This Week: Things you never do with your bug-out bag… The Top 5 FAQ about the Ultimate Spy Week… Staying safe on a budget… Sharpening the NOC Knife… And, living in the UK.
I woke up this morning to several inches of snow, but when I went to bed last night, it was rather warm outside. And the past few days, I haven’t needed a jacket.
I live in the mountains in Utah, where the weather can be quite unpredictable. Heck, it can be 60 degrees in the morning, and the afternoon can turn into a blizzard.
This is one of the many reasons I carry a bug-out bag — or 72-hour kit — in the back of my car. Because you never know when you might get stranded in your vehicle.
Of course, I don’t just have a bug-out bag in my car. I also have them in my home — one for each member of my family — in case we ever need to evacuate.
Earlier this year, there was severe flooding in my area, but thankfully, it didn’t come near my house. However, you probably remember that there was also massive flooding in Louisiana earlier this year that displaced thousands of people, many of whom were completely unprepared.
One Louisiana family — who had assembled bug-out bags — reported they almost lost their gear during the flooding when water rushed into their home because their gear was downstairs. It was a close call.
The family traveled to a nearby school that had been set up as an emergency shelter. They estimated over 500 people were being housed in the school. Many of them had gone without food for over 48 hours, but this family had plenty of supplies in their bug-out bags.
For safety reasons, they ended up leaving the shelter and staying in their vehicle with all their provisions.
This family was prepared to go for days surviving on their own supplies, but they almost lost all of their gear when the floodwaters entered their home.
As you prepare your bug-out bag, evaluate every scenario in which you could lose your gear and make the appropriate adjustments to your escape plan. Then double-check everything — the last thing you want is to make a mistake that could cost you your life.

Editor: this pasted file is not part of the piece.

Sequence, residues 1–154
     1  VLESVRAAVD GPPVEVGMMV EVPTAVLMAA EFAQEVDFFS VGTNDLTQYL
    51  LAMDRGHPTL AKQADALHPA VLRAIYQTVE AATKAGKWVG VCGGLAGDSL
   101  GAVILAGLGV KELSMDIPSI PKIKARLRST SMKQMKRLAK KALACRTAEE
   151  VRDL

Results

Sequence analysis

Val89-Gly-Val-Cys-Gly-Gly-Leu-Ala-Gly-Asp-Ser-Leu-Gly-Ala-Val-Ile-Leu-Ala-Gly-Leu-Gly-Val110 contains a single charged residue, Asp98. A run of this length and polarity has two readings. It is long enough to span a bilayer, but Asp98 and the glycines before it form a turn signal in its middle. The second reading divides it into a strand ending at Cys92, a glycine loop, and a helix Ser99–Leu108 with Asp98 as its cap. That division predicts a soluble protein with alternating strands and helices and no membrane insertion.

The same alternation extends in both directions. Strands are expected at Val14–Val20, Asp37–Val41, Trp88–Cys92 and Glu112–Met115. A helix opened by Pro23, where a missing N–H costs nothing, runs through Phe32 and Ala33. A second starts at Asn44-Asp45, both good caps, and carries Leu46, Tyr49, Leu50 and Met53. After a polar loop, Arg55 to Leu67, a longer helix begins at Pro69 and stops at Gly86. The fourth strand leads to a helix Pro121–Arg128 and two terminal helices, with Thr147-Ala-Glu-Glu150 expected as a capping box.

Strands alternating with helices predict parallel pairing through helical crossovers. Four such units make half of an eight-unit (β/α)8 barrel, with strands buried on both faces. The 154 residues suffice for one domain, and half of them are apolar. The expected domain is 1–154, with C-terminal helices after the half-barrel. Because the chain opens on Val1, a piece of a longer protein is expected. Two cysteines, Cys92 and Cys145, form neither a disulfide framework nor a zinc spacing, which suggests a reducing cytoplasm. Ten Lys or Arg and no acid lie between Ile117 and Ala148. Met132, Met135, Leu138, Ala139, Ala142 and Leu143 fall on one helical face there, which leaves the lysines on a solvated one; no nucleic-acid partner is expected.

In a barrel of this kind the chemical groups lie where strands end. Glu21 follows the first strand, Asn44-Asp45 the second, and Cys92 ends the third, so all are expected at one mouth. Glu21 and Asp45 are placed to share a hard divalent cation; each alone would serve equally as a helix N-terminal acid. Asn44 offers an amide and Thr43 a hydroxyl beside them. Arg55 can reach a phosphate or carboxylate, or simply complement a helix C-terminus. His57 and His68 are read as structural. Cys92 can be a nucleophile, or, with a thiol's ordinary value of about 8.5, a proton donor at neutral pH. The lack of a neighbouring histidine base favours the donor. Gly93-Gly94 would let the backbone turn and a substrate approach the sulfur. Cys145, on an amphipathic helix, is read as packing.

Undoubtedly, if you surveyed 20 people and asked them what they have in their bug-out bags, you’d get 20 different answers, even though there are certain basics everyone should have.
There are also several mistakes people make with their bags.
Bug-out Bag MISTAKE #1
One of the most common mistakes involves the bag itself. Never go cheap on your bug-out bag.
You don’t necessarily have to spend $400 on a hiking backpack, but you should purchase a quality bag that can withstand the elements and won’t tear or fall apart when you need it most.
I suggest looking for bags made out of canvas. Why canvas? Because canvas is woven so tightly during manufacturing that it’s wind and water resistant.
In addition to being wind and water resistant, canvas is a sturdy fabric that doesn’t yield to frequent stress or tugs.
Once you’ve chosen a bag and filled it with your gear, test it. Go for a long walk with the bag on your back to ensure you can carry everything and the bag will sustain the weight.
I have a family member who bought a cheap backpack for $50 and loaded it with all his gear. He was slowly carrying it around his house when the zippers came apart and everything fell out.
This isn’t something you want to deal with during an emergency.
Also, if you have kids, make sure the bag you’re asking them to carry is light enough. Don’t ask an 8-year-old to put 40 pounds on their back.
Another misstep people make when it comes to filling their bug-out bags is they’ll often run out of water but still have plenty of food left.
The simple truth is we need water before we need food, so you should have plenty of water in your bag and less food. Our bodies are resilient and can go weeks without food.
During a bug-out situation, you will also be under a lot of stress and focused mostly on surviving. Most likely, you’ll have a decreased appetite and will not eat three meals a day — you may just need a few protein bars to sustain yourself.
In addition to carrying water, I also suggest carrying a hiking water filter so you can get safe drinking water from lakes and streams.